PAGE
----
GE could be $41-bil­lion prob­lem for Big Banks

Com­pany’s credit fa­cil­i­ties could rank as largest loans to any U.S. firm be­yond 2019

Calgary Herald - - FINANCIAL POST -

When it comes to U.S. banks’ lend­ing risk, it doesn’t get much big­ger than Gen­eral Elec­tric Co. The five big­gest Wall Street firms have com­mit­ted to lend­ing at least US$3.5 bil­lion each to the in­dus­trial gi­ant fac­ing con­cerns about the sus­tain­abil­ity of its debt.

GE has al­most US$41 bil­lion in credit lines it can draw from, ac­cord­ing to its lat­est quar­terly reg­u­la­tory fil­ing. If fully tapped, the two main credit fa­cil­i­ties would rank as the largest loans to any U.S. com­pany that go be­yond next year, data com­piled by Bloomberg show. GE had used only about US$2 bil­lion of the avail­able credit by the end of the third quar­ter, leav­ing it­self am­ple room to pull more if nec­es­sary.

From GE’s per­spec­tive, the un­used credit is a cru­cial back­stop as an­a­lysts voice con­cerns about the risk of a fund­ing short­age. Chief ex­ec­u­tive Larry Culp has been sell­ing as­sets to raise cash and is un­der pres­sure to raise more through a stock of­fer­ing. The un­tapped credit “gives us a foun­da­tion” as the firm takes steps to re­shape it­self and ul­ti­mately re­duce its bor­row­ings, he told CNBC this month.

From the banks’ per­spec­tive, the pos­si­bil­ity of a draw­down by a bor­rower get­ting shut out of other fund­ing sources poses risks, in­clud­ing de­fault if the com­pany ul­ti­mately proves un­able to man­age its obli­ga­tions. In debt mar­kets, the pre­mium de­manded by in­vestors to in­sure against a de­fault has jumped, sig­nalling the pos­si­bil­ity of fur­ther cuts to GE’s credit rat­ing and higher costs for new bor­row­ings. GE was cut by the two big­gest rat­ing firms last month, end­ing up three grades above junk.

GE di­vided its credit fa­cil­i­ties into three cat­e­gories at the end of Septem­ber. The main one in­cludes a US$19.8 bil­lion credit line from six banks, which ex­pires in 2020. Then there’s a US$20-bil­lion backup fa­cil­ity from 36 banks ex­pir­ing in 2021. The third group is a col­lec­tion of credit lines ar­ranged in­di­vid­u­ally with seven banks, ex­pir­ing be­tween Fe­bru­ary and May of next year.

Such com­mit­ments can make up an out­sized chunk of a bank’s port­fo­lio. Mor­gan Stan­ley’s share of the first GE fa­cil­ity amounted to six per cent of its in­vest­ment­grade lend­ing com­mit­ments at the end of Septem­ber. At Gold­man Sachs Group Inc., it was four per cent of the bank’s high-grade book.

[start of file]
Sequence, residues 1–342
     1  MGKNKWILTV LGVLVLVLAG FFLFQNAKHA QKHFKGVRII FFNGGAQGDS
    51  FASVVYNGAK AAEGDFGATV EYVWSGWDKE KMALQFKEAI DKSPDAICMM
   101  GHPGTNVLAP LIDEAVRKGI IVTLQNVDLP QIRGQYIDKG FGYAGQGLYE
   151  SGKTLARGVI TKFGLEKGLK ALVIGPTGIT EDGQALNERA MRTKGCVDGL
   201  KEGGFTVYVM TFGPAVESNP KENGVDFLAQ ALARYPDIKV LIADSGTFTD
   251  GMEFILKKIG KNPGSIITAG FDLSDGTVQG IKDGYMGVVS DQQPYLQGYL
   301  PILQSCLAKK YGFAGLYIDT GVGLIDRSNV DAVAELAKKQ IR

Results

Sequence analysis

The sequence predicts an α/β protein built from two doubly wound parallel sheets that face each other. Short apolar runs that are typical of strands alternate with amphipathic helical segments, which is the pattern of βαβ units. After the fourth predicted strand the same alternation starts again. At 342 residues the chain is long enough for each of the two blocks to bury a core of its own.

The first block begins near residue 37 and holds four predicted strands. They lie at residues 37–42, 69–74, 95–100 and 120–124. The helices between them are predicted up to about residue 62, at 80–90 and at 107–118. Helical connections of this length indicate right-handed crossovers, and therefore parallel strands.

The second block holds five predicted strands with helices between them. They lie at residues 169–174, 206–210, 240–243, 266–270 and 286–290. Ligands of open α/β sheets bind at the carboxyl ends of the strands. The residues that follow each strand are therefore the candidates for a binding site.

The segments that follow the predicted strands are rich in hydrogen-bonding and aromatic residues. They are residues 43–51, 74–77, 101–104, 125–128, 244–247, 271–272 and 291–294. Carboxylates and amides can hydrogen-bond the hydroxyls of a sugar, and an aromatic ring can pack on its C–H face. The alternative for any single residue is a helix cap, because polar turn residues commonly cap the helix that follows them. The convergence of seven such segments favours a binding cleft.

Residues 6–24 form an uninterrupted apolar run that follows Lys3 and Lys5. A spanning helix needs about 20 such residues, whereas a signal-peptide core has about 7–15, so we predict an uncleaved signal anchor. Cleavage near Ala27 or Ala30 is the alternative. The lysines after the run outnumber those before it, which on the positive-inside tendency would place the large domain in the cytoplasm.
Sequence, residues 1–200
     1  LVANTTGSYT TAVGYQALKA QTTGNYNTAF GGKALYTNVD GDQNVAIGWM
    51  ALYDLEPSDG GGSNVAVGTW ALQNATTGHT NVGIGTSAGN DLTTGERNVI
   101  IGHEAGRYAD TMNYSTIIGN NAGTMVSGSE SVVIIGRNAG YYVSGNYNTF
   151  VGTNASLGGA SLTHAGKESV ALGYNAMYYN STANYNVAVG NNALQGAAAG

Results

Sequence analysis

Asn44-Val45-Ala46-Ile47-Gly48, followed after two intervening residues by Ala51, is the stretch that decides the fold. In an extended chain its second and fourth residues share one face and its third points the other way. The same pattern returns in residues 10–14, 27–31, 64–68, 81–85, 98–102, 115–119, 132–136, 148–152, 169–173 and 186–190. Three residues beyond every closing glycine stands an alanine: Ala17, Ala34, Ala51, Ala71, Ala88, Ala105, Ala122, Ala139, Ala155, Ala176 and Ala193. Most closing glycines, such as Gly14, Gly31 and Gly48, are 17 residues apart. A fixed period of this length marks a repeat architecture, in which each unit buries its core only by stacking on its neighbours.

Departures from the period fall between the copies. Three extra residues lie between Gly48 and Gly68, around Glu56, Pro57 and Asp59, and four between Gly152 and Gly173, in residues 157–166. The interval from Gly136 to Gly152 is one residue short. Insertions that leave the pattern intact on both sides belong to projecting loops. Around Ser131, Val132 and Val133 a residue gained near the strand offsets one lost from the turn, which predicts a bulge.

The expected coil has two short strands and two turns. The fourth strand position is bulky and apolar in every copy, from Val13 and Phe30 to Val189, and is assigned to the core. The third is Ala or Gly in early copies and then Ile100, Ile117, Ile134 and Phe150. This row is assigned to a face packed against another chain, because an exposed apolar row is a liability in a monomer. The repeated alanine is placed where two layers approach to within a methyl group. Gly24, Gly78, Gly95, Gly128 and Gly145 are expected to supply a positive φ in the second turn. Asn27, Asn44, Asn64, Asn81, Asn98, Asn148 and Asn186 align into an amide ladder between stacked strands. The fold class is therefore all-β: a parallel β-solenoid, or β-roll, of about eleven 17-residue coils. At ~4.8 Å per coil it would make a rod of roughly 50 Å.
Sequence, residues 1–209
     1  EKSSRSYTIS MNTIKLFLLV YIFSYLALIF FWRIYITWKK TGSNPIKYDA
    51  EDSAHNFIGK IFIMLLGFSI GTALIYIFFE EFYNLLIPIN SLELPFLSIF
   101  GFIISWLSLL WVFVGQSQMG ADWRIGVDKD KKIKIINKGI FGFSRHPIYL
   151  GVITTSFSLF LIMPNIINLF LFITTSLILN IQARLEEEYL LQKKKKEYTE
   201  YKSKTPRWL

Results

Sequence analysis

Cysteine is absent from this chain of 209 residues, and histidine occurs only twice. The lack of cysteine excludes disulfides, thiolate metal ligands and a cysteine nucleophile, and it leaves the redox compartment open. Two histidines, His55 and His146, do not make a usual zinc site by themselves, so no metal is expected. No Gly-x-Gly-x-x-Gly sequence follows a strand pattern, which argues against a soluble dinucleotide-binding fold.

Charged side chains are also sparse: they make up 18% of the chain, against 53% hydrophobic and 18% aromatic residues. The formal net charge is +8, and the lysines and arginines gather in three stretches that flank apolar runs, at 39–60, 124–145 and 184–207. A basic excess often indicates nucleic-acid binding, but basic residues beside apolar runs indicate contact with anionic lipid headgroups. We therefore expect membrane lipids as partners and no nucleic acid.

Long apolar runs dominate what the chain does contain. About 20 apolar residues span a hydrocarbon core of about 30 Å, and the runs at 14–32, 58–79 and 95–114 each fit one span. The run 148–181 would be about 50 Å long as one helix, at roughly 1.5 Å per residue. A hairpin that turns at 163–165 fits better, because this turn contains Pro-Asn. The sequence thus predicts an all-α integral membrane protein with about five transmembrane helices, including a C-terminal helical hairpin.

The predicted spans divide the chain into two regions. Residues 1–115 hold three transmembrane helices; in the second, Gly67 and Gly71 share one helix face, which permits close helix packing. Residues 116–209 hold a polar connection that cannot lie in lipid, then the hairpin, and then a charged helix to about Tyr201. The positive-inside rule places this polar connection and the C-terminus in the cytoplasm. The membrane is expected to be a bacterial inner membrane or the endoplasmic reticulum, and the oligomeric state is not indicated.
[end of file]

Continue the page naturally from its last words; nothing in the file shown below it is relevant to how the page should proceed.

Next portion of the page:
“I’m not con­cerned about GE’s credit at all,” Mor­gan Stan­ley CEO James Gor­man said Tues­day in an in­ter­view on Bloomberg Tele­vi­sion. “The mar­ket over-wor­ries. GE is a fan­tas­tic in­sti­tu­tion, they have tremen­dous abil­ity to restruc­ture.”

Spokes­men for the other banks in the first credit line de­clined to com­ment, while GE’s re­ferred to Culp’s pub­lic re­marks.

GE’s quar­terly fil­ing doesn’t iden­tify the three dozen lenders in the backup fa­cil­ity or spec­ify how they are split­ting their com­mit­ment. JPMor­gan Chase & Co. is among mem­bers of that group, ac­cord­ing to data com­piled by Bloomberg. So is Wells Fargo & Co., which isn’t one of the lenders named in the first line.

Still, there are lim­its to banks’ ex­po­sure. The first credit line has a manda­tory re­duc­tion and re­pay­ment clause, which re­duces the amount avail­able to GE over time. In March, the line is set to be cut by about US$5 bil­lion, and in De­cem­ber 2019 by an ad­di­tional US$7.5 bil­lion. In June 2020, the credit line would shrink to just US$5 bil­lion. At each mile­post, GE would have to pay back the dif­fer­ence if it has drawn more than the re­main­ing amount al­lowed.

“They’re slowly but surely los­ing ac­cess to that fa­cil­ity, bit by bit,” said Dino Per­a­gallo, a debt covenant an­a­lyst at Xtract Re­search LLC. “Most peo­ple re­fi­nance their fa­cil­i­ties within a year of ma­tu­rity, so this wouldn’t be a prob­lem typ­i­cally. But with the con­cerns GE is fac­ing, maybe it will be tough to get a new fa­cil­ity when this one is re­duced.”

Culp told CNBC that the com­pany doesn’t want to main­tain its in­debt­ed­ness. “We have no higher pri­or­ity right now than bring­ing those lever­age lev­els down,” he said.

GE’s fil­ing shows there are also so-called off­set pro­vi­sions for firms par­tic­i­pat­ing in both syn­di­cates, po­ten­tially pre­vent­ing the com­pany from tap­ping the same lenders twice. And, banks can — and usu­ally do — hedge them­selves against losses from big bor­row­ers by buy­ing credit de­riv­a­tives that act as in­sur­ance.

Com­pa­nies typ­i­cally draw down heav­ily on their credit lines when fac­ing fund­ing short­falls. Ear­lier this month, Cal­i­for­nia util­ity op­er­a­tor PG&E Corp. fully used its credit fa­cil­ity. At the time, in­vestors wor­ried the com­pany might lose its in­vest­ment-grade credit rat­ing or face li­a­bil­ity re­lated to wild­fires rav­aging the state.


GE has used only about US$2 bil­lion of its avail­able credit by the end of the third quar­ter. It con­sid­ers the un­used credit as a key back­stop amid con­cerns about a po­ten­tial fund­ing short­age. Still, it’s a ma­jor risk for banks if the com­pany is un­able to man­age its obli­ga­tions.

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